“It can happen almost by accident that you discover an affinity for a particular instrument, and then you don’t know what sort of trouble you are getting into. After playing the piano indifferently for ten years, then losing interest in it altogether, at seventeen I had a chance to learn classical guitar and found something in it that I wanted. My teacher at that time held to the philosophy that you could always learn something by doing things that were too difficult for you. This was very exciting, since it gave one the impression of an exceptionally rapid progress – how was I to know that it was progress into the abyss? At the same time, no foundations of technique were built, especially for the right hand. As long as some sound was coming out, nothing much was said about that. I grew to accept that what I played might have the same name as something I heard on a recording, but that they existed in different worlds of sonority – or the lack of it. The clarity of different voices and the power of the bass, which were so obvious in the great players that I heard on recordings, remained out of reach. The question of performance was never addressed. Perhaps the majority of music teachers, of whatever instrument, fail to address it, at least with the majority of their pupils? Once, I heard that teacher perform, and it was obvious even to me that there were serious problems. I simply concluded that performance must be terribly difficult – as indeed it is!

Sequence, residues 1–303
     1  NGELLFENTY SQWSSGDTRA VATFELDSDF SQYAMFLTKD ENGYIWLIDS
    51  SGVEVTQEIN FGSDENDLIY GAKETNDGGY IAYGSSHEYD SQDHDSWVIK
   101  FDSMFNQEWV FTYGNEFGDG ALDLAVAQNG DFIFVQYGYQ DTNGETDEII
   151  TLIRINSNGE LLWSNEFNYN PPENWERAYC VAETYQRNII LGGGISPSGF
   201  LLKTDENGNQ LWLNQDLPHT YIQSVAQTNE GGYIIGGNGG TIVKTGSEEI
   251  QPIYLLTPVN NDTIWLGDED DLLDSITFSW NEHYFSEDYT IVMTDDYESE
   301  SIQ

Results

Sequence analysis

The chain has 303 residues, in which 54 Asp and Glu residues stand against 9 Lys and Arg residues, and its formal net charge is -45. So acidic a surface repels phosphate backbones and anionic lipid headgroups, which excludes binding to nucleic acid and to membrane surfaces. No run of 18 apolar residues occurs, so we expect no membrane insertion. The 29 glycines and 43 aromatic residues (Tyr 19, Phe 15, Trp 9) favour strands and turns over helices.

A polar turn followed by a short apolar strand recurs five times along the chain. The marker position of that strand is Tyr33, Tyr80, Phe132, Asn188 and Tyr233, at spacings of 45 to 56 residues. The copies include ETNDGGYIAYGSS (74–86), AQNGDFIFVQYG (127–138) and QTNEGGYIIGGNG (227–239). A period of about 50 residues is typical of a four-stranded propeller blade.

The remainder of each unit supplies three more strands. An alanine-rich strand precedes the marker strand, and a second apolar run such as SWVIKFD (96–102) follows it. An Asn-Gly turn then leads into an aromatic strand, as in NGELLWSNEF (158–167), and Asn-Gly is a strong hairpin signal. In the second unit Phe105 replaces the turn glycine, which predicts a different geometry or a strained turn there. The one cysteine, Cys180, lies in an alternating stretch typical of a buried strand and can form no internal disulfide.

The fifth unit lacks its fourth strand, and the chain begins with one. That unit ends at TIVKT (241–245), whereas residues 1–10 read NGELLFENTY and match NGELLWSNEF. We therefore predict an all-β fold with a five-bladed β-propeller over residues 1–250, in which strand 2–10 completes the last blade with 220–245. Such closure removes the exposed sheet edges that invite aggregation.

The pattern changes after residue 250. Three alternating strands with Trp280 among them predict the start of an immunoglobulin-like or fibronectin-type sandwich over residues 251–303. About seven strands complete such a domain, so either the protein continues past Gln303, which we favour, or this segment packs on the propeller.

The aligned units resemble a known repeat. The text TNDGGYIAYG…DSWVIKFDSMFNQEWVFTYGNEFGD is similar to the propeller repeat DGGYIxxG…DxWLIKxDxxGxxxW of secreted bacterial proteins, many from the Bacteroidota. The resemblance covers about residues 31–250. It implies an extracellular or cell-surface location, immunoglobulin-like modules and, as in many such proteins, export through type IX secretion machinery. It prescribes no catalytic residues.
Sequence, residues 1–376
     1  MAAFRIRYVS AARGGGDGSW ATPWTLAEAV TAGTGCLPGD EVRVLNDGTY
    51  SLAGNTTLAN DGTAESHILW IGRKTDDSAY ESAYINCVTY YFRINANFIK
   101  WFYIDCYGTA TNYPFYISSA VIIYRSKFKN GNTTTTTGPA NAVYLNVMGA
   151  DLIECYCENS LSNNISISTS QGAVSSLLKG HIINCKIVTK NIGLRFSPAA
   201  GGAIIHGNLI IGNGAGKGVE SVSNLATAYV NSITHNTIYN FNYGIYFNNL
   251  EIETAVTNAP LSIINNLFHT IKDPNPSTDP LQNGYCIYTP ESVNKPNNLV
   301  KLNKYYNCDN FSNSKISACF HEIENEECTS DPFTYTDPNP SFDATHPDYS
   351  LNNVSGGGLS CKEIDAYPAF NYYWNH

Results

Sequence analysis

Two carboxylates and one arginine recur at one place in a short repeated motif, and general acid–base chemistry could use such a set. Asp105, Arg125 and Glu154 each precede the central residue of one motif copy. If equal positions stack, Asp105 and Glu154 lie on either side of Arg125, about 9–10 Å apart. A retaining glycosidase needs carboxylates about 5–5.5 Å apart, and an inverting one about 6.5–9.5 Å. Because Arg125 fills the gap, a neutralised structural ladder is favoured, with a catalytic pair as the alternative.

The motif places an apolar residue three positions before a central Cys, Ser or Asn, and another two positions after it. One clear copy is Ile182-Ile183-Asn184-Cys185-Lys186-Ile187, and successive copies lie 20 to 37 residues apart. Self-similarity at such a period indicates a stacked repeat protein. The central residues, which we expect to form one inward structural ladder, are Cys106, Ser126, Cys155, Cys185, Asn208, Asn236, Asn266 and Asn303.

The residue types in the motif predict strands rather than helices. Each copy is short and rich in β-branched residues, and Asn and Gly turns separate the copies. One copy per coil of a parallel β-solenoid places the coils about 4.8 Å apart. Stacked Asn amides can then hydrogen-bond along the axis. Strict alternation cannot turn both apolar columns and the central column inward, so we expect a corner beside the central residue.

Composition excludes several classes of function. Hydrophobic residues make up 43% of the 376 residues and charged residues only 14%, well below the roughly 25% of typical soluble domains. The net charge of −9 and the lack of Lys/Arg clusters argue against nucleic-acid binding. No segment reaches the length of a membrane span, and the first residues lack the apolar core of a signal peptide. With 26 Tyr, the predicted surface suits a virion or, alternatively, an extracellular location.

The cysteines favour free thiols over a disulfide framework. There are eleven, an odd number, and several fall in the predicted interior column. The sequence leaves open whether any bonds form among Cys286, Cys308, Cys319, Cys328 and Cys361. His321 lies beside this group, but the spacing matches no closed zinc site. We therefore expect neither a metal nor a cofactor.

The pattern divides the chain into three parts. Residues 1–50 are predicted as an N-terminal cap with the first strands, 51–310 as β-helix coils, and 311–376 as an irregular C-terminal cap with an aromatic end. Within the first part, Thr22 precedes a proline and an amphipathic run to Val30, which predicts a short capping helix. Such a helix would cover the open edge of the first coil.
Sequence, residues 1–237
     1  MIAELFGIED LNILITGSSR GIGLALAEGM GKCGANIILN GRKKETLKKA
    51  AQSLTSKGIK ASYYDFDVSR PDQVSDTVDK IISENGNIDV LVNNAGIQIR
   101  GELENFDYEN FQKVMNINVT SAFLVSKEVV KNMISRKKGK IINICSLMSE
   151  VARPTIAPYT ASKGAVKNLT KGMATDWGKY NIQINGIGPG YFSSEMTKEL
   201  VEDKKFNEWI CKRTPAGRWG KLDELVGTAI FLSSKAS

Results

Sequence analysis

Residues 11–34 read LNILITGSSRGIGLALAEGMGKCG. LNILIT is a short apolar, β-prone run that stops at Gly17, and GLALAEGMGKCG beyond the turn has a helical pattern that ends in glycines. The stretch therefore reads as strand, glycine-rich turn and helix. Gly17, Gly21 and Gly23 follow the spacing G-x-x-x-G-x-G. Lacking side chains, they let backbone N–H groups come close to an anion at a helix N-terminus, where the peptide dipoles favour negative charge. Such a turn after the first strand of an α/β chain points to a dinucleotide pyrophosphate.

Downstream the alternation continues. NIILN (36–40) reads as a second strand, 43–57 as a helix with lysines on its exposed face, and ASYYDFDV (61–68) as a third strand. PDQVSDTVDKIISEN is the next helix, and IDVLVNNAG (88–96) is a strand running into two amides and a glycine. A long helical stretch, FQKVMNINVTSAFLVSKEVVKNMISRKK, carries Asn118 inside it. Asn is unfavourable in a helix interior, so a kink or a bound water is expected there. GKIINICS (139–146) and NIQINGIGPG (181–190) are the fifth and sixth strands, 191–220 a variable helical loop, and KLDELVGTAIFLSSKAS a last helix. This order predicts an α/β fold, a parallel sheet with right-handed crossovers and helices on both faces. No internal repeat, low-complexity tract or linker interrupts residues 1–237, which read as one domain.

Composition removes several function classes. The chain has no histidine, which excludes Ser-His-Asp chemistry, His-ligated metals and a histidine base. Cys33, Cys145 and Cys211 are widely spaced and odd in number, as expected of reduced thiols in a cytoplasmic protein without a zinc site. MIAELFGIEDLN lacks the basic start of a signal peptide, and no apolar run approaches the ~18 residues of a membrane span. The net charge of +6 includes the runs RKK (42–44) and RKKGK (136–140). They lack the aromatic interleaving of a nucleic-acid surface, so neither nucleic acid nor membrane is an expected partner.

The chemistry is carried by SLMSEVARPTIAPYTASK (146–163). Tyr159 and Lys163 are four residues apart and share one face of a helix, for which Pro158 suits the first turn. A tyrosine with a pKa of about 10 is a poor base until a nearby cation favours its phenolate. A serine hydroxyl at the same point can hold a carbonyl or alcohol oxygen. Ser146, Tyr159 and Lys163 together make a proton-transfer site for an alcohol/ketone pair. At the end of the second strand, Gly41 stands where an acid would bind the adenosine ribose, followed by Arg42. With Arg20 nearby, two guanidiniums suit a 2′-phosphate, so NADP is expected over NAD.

“After two years of this, the damage was done. A total of four years of playing, and four teachers later, none of whom was capable of undoing the direction in which things were going, I knew I was up against a brick wall. Nothing further was possible without going back to the beginning. I would have to start all over again, to build in the technique that had remained such a mystery because it had never been addressed in the first place. But that would have required long, isolating hours of practice, which at that time in my life I didn’t feel like doing. There were too many other things to do, and people to meet; and so I quit. As painful a decision as this may have been, I told myself there was no hope for it. I was finished with the guitar, and it would no longer be a part of me. Once in a long while, I would dream that, carrying my guitar, I was setting out on my way to a lesson. It would be the first in a long, long while, and since I couldn’t remember when I had last practiced, the sense of anticipation in the dream would be accompanied by a disturbing awareness that all might not go smoothly. However, as in most dreams that involve some attempt at a journey, there would be obstacles and digressions, and for some reason I would never arrive.